Table 7: Apparent nest survival in relation to certain vegetative indices.

Variable

Successful Nests

Unsuccessful Nests

P-value

Dead Grass Height (cm)

351

 

421

 

0.07

Grass Cover (%)

117

 

113

 

0.31

Forb Cover (%)

46

 

38

 

0.06

Shrub Cover (%)

39

 

37

 

0.26

Species Richness (number of spp.)

21

 

18

 

0.00

 

Objective 3: Estimate influence of habitat type on nesting success

At the end of the 2016 season, sage-grouse used 3,468 acres of low sagebrush, 7,587 acres of basin big sagebrush, 27,337 acres of three-tip sagebrush, and 69,795 acres of mountain big sagebrush.

Nesting success averaged 34% across all habitat types (Table 8). Sage-grouse did not nest in low sagebrush. Nesting success is usually dependent on factors that reduce predation rates.  Mountain big sagebrush plants provide the most cover for nests which would reduce predation due to increased concealment of the nest.

Table 8:  Nesting success (%) of sage-grouse by habitat type in the Centennial Valley, MT, 2014-2016.

Year

Mountain big sagebrush

Three-tip sagebrush

Basin big sagebrush

Low sagebrush

Overall

2014

59

44

15

N/A

43

2015

35

29

10

N/A

28

2016

42

18

24

N/A

30

Average

45

30

16

N/A

34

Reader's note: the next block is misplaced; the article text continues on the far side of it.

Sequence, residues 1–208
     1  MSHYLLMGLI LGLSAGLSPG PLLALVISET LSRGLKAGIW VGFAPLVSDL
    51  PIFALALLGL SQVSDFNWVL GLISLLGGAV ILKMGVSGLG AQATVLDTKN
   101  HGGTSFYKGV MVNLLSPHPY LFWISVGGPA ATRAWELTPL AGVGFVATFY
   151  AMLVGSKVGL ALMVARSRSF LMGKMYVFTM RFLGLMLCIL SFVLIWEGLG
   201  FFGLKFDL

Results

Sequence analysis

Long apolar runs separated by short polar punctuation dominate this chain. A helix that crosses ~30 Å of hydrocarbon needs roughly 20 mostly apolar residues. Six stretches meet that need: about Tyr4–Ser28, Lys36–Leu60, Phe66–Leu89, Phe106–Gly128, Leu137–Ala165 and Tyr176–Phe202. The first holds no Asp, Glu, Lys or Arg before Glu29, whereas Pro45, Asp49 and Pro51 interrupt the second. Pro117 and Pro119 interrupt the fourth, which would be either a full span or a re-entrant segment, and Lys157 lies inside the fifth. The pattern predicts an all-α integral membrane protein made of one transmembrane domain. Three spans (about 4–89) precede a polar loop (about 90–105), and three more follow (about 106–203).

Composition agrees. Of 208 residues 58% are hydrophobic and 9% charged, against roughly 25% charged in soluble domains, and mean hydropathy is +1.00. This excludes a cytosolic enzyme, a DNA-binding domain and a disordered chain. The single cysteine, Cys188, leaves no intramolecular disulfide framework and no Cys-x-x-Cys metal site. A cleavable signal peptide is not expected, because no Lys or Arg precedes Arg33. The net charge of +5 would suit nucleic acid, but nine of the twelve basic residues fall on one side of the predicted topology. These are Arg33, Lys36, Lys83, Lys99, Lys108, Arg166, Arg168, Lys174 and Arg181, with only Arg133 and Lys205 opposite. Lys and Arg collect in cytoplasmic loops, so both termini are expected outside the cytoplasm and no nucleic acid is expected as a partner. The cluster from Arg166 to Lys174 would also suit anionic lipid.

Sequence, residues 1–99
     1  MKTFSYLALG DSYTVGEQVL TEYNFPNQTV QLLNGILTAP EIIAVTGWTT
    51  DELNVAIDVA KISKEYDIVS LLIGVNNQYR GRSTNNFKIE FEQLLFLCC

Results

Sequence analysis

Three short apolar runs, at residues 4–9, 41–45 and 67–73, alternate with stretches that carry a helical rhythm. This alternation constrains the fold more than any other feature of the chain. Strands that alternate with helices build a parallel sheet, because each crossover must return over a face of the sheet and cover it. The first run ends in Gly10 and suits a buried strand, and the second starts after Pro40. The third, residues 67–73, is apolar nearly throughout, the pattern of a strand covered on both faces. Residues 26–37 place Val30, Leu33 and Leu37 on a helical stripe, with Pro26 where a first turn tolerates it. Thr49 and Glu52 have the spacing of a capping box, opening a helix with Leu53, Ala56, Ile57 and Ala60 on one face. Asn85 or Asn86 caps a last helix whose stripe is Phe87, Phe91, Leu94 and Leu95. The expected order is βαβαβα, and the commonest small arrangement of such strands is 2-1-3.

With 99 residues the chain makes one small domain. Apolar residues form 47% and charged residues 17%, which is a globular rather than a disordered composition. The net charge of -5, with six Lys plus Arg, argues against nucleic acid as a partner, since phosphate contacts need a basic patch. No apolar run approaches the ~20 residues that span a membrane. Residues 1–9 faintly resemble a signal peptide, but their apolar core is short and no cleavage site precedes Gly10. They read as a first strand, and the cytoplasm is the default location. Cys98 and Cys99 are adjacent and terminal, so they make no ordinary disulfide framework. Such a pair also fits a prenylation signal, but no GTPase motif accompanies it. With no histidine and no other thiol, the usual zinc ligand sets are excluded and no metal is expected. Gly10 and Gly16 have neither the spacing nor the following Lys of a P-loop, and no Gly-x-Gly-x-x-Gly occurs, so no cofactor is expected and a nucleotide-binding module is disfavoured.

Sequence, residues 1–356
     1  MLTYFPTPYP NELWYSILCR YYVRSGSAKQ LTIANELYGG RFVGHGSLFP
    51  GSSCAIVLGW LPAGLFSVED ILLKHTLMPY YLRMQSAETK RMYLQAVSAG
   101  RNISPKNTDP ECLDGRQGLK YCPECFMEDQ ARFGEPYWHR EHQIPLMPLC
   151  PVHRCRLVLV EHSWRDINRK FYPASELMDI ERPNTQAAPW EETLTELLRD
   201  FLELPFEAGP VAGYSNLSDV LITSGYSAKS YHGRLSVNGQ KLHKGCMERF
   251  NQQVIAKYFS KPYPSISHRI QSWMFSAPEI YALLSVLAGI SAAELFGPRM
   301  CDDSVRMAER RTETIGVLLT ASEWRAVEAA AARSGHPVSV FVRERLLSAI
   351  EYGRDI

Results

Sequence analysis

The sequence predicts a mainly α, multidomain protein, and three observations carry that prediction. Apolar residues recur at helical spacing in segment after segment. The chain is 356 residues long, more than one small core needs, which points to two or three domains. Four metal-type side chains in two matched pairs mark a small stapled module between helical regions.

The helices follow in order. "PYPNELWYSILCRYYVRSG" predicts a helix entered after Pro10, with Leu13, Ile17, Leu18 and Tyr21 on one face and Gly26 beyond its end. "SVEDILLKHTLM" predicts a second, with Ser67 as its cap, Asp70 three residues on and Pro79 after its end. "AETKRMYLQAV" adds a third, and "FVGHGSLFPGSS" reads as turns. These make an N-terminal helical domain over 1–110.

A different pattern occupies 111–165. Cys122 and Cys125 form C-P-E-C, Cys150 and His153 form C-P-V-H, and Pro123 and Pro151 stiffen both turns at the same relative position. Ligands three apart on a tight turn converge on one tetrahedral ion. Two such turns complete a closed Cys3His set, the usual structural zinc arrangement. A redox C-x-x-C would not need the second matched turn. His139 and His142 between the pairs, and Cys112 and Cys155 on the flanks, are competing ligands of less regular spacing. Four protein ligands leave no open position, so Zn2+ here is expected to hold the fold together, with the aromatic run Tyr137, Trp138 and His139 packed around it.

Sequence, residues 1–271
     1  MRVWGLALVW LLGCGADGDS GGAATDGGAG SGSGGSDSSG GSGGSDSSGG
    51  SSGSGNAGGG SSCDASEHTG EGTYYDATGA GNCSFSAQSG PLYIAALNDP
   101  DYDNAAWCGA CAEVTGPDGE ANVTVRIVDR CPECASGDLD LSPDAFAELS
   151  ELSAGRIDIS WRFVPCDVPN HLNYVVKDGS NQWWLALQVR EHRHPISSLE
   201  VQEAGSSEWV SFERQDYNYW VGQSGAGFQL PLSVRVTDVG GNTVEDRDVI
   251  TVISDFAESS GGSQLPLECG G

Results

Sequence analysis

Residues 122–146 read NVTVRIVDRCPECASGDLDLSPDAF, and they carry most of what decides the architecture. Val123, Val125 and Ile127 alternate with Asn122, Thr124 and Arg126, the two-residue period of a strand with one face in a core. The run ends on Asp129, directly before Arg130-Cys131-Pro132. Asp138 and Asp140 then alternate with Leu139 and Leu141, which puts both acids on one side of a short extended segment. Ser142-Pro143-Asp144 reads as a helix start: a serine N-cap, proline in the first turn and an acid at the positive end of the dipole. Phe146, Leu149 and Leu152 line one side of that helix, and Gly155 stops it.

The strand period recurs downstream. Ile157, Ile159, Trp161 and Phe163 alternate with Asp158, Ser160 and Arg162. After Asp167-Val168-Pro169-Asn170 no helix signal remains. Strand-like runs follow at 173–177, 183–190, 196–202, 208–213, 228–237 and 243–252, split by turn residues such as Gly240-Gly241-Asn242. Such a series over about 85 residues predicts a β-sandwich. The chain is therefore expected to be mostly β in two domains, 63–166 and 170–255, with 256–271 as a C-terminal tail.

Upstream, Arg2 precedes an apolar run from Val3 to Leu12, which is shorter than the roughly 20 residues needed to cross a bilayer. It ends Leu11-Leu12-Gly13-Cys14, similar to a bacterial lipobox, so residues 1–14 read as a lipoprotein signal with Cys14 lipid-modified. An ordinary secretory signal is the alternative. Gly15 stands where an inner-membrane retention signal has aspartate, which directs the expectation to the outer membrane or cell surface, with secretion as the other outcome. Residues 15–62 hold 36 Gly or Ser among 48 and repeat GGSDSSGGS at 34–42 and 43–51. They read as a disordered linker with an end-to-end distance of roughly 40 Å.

Objective 4: Estimate grazing influences on sage-grouse brood home range size

Grazing utilization levels averaged 4% in brood home ranges in 2014 and 2015. (Table 9). The maximum utilization level recorded in a brood’s home range was 14% (Table 9). Therefore, utilization levels were very low in brood home ranges. We did not measure utilization levels in brood home ranges in 2016.

Table 9: Grazing utilization levels in brood home ranges of broods in pastures with cattle across 2014 and 2015.

 

2014

2015

All

Average Utilization

  4%

3%

4%

Max Utilization

14%

13%

14%

 

There was no year effect (P = 0.66) in brood home range size, and brood home range size did not differ between grazed and ungrazed pastures (Table 10, 11, 12). The sample size for broods in pastures with cattle (n = 7) was low (Table 10), but two broods traveled >1 km into a pasture with cattle where they remained for over 2 weeks. We did not measure brood home ranges in 2016.

Table 10: Broods in pastures with cattle and without in 2014 and 2015.

 

2014

2015

Total

Broods with Cows

  5

 2

  7

Broods without Cows

  9

 8

17

Total

14

10

24

 

Table 11: Differences in overall brood home range size (acres) between years 2014 and 2015.

 

2014 (n = 11)

2015 (n = 8)

P-Value

Average Brood Home Range Size (acres)

252

351

0.66

 

Table 12: Differences in overall brood home range size acres) between pastures grazed and ungrazed by cattle in 2014 and 2015.

 

Grazed (n = 6)

Ungrazed (n = 13)

P-Value

Average Brood Home Range Size (acres)

368

225

0.35

 

There were no differences (P = 0.39) in grass heights between 2014 and 2015 (Table 13) in pastures with sage-grouse broods.  This suggests growing conditions in both years were similar and differences in sage-grouse nest and brood survival were not due to environmental factors, but we have not tested this hypothesis.